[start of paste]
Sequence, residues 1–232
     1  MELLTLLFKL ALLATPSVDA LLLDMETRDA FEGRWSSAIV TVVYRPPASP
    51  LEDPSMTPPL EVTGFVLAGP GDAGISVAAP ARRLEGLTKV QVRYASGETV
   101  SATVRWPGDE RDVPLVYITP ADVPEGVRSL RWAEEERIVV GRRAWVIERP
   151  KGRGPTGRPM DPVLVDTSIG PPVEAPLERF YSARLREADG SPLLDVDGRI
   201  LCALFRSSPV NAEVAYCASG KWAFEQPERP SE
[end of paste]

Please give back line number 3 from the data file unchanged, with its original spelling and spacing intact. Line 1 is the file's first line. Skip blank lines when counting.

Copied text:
    51  LEDPSMTPPL EVTGFVLAGP GDAGISVAAP ARRLEGLTKV QVRYASGETV